Posted 11th Jul 2021
blogs.windows.com/win…11/

Microsoft have announced a revamp of the tried, tested and now trusted Windows/10 platform - the full product is still under development and won't be released formally until later in 2021/2022 but if you're feeling brave and want a look at what the latest version of what is arguably the world's most popular desktop platform, you can sign up to the Insider Preview programme.

The hardware requirements are understandably upped from the minimum required for Windows/10, although not excessively.

My view is anything less than 5 years old should be able to cope (either straight out the box, or with modest upgrades).

Worthwhile noting that this is essentially a beta version, expect frequent updates and/or occasional instability.

My recommendation is not to apply this to your "main" system unless (at the very least) you've made absolutely sure you've backed up everything to at least two generations, and even after transitioning, make sure you continue to back up until stable release.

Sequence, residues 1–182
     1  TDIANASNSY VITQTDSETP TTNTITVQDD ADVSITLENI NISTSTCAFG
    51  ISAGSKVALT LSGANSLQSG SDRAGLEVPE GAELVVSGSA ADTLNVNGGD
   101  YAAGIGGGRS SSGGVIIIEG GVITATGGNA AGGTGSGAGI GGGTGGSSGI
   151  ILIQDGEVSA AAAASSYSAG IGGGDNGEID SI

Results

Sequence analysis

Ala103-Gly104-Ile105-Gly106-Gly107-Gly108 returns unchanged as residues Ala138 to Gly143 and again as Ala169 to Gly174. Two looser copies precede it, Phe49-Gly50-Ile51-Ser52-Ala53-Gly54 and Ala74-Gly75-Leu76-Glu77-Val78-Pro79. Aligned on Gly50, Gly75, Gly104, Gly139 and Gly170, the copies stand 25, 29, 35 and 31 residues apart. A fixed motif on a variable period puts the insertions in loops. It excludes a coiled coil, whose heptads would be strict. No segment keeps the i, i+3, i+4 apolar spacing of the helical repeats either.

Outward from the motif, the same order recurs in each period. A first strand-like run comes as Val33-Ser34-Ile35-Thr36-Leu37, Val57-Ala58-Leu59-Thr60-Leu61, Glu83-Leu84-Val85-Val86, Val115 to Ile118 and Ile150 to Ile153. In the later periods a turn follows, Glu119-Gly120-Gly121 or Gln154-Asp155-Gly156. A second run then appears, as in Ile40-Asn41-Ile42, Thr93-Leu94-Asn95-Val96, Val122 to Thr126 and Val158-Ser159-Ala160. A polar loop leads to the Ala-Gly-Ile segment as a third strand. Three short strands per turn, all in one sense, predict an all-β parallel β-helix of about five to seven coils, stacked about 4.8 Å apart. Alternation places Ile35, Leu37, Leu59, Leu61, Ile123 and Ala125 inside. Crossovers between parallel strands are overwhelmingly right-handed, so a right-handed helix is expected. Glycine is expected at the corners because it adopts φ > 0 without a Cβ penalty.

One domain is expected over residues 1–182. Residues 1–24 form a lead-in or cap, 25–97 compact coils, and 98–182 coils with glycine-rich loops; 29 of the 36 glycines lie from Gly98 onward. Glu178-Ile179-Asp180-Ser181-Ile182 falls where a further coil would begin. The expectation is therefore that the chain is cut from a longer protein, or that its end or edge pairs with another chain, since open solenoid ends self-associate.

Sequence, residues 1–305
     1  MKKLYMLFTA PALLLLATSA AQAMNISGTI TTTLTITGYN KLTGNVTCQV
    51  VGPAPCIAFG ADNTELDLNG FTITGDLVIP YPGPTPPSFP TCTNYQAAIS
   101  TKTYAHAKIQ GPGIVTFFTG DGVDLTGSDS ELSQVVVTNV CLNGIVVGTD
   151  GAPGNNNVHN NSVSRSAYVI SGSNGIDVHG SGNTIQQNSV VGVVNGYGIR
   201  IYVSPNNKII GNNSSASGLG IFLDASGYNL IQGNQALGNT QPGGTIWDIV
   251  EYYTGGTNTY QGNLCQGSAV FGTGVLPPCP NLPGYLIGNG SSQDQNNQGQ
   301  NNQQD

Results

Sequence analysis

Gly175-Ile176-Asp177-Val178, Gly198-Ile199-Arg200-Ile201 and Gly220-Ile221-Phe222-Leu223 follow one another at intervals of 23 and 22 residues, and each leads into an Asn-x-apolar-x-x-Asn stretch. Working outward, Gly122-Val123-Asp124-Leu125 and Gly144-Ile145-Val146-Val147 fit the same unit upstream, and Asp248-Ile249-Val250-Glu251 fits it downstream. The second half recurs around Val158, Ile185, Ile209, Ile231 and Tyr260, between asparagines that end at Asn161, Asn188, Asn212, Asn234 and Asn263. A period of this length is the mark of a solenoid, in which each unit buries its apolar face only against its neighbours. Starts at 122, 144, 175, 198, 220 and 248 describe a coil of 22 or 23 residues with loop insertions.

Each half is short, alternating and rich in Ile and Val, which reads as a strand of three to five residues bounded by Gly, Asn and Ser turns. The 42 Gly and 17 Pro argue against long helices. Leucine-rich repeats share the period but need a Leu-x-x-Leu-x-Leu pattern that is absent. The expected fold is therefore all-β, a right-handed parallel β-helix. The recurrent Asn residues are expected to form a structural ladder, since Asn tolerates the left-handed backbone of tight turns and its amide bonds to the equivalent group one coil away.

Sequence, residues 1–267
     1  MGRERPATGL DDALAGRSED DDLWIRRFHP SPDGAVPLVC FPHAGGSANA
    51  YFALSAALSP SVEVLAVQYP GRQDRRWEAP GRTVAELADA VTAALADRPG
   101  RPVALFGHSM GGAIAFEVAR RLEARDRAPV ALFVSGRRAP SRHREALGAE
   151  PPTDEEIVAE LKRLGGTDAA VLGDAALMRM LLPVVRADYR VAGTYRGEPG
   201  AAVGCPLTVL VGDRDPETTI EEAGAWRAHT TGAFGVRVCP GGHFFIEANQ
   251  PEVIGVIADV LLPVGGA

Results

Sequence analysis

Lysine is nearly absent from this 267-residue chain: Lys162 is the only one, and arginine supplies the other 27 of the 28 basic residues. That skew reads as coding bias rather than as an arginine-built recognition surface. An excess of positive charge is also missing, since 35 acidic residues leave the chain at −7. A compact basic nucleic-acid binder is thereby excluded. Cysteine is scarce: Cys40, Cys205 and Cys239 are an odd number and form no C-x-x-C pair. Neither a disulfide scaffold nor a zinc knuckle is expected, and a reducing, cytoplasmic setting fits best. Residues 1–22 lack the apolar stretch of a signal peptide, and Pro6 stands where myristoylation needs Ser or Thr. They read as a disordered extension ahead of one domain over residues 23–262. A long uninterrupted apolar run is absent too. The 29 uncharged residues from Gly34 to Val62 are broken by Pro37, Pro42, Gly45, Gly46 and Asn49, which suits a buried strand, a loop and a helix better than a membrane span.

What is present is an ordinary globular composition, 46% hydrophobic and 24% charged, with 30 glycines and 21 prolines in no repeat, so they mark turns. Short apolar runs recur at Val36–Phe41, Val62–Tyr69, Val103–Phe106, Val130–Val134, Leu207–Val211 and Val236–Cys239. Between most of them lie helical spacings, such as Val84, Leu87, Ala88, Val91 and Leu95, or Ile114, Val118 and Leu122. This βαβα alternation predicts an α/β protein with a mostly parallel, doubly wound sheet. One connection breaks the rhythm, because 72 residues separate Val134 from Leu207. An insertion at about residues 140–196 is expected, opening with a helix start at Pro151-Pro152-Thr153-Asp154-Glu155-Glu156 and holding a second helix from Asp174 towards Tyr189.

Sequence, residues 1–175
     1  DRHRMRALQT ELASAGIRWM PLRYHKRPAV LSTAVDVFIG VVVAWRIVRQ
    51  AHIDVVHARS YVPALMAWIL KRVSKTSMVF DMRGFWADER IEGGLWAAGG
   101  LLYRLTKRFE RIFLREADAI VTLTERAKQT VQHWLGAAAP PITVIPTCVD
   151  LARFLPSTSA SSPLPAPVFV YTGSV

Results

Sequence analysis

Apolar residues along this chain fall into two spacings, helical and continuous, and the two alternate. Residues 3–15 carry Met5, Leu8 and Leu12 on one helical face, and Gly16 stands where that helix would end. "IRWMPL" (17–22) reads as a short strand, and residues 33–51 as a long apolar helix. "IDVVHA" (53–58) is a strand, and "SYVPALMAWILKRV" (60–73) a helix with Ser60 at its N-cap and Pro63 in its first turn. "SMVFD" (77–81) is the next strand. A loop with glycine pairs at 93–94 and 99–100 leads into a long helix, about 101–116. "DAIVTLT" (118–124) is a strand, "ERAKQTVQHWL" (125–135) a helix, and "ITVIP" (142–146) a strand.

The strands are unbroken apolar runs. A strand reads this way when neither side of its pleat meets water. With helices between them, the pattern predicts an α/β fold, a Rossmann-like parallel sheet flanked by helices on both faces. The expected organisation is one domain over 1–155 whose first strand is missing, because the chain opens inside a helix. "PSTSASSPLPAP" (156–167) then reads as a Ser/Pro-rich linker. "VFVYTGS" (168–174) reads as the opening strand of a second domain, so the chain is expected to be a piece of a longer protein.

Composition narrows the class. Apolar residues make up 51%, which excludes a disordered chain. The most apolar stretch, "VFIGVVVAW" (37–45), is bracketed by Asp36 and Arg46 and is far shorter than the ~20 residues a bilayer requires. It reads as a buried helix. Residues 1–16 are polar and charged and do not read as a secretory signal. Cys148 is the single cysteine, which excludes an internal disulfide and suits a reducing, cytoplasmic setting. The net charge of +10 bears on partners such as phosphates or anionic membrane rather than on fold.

Personal experience is that Microsoft tend to issue major version updates in a "two step" process, the first iteration can often be a bit ragged, the second is substantially a "bugfix"

We had V3.1, followed by the far better 3.11, then there was '95 which was "fixed" in 1998, ME was a bit of a non-event, but was soon upgraded to XP which although now unsupported and has known vulnerabilities is still pretty usable.

Vista was something most of us care to forget, but 7 more than made up for it, similarly 8 was a bit of an own-goal for Redmond, even 10 wasn't that well received at the beginning but even as a self-confessed fanboy of 7, I've eventually conceded that it's overcome it's teething problems.

Time will tell if 11 is just "10 with annoying new themes plus new bugs" or whether it's a genuine step forward.

I'm in half a mind to try this out, in the meantime Linux has come on leaps and bounds and has acquired a maturity and support base which is arguably the equal and sometimes beyond anything which came out of Seattle.

Your choice, I'm leaving the decision to you

Might see if it works on a virtualised system although I'm not pinning my hopes on it!
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